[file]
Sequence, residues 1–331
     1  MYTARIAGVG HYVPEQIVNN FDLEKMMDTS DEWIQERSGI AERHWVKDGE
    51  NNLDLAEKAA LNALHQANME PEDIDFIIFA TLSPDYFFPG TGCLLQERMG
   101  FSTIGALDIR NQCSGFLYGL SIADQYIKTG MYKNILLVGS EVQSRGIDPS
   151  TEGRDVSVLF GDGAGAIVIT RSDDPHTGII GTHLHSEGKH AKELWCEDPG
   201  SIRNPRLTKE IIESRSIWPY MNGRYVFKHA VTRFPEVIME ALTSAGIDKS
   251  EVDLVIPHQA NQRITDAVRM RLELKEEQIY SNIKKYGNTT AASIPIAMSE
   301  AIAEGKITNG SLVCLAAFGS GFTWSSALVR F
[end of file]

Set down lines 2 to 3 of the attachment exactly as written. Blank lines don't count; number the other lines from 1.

     1  MYTARIAGVG HYVPEQIVNN FDLEKMMDTS DEWIQERSGI AERHWVKDGE
    51  NNLDLAEKAA LNALHQANME PEDIDFIIFA TLSPDYFFPG TGCLLQERMG